Sir Anish Kapoor RA, Venice Biennale representative and Turner Prize winner has caused a stir with his exhibition at the Lisson Gallery.
This show of new works is claimed by the gallery to be his ‘radical return to painting’, the big talking point being the large scale works representational of twisted, sinuous flesh. Onlookers whisper the words ‘vulgar’ and ‘disgusting’. I overheard one visitor asking an invigilator how she could bear to be in the same room as the work, another laments about Kapoor’s departure from ‘nice’ art.
Protruding near to 2ft from the wall these are not two-dimensional paintings, they are sculptural objects and a clear progression of his red wax series. Not particularly a huge departure or radical evolution and almost certainly not painting. Up-close these works are a heavy mess of resin, silicon and pigment, highly textured and deeply coloured with no suggestion of figurative form. Take a few steps back and the work becomes an undeniable illustration of torn flesh, fat and gristle, although still without figuration. These are not representations of butcher’s cuts, they are violent illusions of meat. This is shocking because firstly, it is far from supermarket’s homogeneous sterile meat portions that we are used to, its brutal and fresh looking and the fact that people have squeamish reactions to it is credit to the execution of the works. Secondly these works are made more gut-churning as they are punctuated by other sculptures, soft and smooth and gentle. They provide a strong contrast to the aggressive meat pieces yet their shapes are still ‘of the body’.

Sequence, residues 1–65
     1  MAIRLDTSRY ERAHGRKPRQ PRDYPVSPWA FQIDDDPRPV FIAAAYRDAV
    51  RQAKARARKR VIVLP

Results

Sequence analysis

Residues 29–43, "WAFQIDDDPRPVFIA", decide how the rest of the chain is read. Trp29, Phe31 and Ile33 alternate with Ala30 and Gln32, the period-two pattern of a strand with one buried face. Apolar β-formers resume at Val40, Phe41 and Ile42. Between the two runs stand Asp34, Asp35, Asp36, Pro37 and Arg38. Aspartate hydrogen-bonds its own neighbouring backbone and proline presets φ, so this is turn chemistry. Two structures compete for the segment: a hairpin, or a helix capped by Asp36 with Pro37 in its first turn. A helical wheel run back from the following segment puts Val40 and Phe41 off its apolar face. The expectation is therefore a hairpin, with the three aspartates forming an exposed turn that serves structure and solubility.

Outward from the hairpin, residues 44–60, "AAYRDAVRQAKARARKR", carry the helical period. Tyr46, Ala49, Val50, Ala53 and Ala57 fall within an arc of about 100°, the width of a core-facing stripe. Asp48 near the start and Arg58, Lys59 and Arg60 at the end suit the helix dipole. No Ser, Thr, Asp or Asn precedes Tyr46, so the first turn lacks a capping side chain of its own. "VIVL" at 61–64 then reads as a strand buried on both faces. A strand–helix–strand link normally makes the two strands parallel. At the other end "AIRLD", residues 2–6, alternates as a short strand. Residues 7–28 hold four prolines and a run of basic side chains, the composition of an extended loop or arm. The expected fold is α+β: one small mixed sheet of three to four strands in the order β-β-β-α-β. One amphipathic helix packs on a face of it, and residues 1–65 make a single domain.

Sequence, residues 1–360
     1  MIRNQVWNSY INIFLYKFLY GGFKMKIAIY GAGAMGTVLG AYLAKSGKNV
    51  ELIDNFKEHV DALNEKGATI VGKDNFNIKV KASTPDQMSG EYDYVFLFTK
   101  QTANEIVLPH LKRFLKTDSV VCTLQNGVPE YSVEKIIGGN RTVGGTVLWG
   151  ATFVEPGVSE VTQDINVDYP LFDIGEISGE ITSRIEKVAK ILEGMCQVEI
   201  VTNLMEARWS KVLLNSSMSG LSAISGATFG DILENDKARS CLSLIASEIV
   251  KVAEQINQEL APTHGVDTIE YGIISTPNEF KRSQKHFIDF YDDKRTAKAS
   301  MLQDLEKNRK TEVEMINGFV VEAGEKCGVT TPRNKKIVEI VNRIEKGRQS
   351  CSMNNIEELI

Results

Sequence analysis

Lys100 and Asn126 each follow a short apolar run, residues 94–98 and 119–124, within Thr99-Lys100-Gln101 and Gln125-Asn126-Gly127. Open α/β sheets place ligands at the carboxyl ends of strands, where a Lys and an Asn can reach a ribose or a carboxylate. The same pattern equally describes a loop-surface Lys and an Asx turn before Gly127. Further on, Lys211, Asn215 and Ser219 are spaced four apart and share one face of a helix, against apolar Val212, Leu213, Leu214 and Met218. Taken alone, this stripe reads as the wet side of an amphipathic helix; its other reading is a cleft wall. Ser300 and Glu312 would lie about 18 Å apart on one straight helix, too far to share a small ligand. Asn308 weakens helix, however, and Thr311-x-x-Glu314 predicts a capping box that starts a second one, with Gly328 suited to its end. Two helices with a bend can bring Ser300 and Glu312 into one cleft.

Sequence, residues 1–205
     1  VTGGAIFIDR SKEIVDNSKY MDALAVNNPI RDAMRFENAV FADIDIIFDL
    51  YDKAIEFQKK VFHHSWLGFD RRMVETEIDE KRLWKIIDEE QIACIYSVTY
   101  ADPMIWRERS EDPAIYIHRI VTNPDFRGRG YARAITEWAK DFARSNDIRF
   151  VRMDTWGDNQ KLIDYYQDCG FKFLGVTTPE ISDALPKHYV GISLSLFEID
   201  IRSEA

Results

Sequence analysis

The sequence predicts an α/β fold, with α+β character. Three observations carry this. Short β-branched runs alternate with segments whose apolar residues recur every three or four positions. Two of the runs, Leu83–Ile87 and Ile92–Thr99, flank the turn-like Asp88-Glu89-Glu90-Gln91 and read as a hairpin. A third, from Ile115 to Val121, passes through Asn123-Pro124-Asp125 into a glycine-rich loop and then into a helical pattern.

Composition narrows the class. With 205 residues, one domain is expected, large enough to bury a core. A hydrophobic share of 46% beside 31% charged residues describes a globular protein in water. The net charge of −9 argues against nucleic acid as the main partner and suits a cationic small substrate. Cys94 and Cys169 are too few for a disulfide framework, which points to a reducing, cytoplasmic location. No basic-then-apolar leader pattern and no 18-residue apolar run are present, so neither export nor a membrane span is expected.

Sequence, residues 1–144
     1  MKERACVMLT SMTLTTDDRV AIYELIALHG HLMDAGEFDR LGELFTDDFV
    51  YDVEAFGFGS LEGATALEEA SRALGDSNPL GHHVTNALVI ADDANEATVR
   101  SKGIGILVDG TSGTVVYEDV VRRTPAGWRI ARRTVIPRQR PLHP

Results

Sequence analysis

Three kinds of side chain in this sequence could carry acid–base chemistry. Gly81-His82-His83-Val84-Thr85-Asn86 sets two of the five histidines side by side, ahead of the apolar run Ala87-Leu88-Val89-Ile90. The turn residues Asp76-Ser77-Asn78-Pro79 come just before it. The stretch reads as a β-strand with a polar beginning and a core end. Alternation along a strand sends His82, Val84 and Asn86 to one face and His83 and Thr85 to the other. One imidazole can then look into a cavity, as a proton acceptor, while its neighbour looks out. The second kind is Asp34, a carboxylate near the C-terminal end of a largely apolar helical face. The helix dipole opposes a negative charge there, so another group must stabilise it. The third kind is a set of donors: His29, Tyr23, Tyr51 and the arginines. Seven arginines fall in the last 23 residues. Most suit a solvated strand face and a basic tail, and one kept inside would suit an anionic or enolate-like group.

Kapoor uses Pink Onyx for the first time in his work and the result is two objectively beautiful sculptures suggestive of intimate human body parts. A further two reliefs (in the style of his hugely popular polished-metal pieces) sensually shimmer gold and are unquestionably vaginal. Their mirrored image warps and distorts the gallery and reflects the viewers back at themselves.
Gruesome meat has been done in art; Rembrant, Goya, Bacon, Hirst. It shouldn’t shock us but the scale and textures are provocative and affecting. The consequence is an awareness of the body and a consciousness of our psyche’s reaction to the different representations of the body. The works can been seen as a portrait of the physical and psychological human. It is an effectively realised concept and makes for an extraordinary exhibition.
by Heath Lowndes
Until 9th May. Monday – Friday 10am-6pm, Saturday 11am-5pm
Lisson Gallery 52-54 Bell Street, London NW1 5DA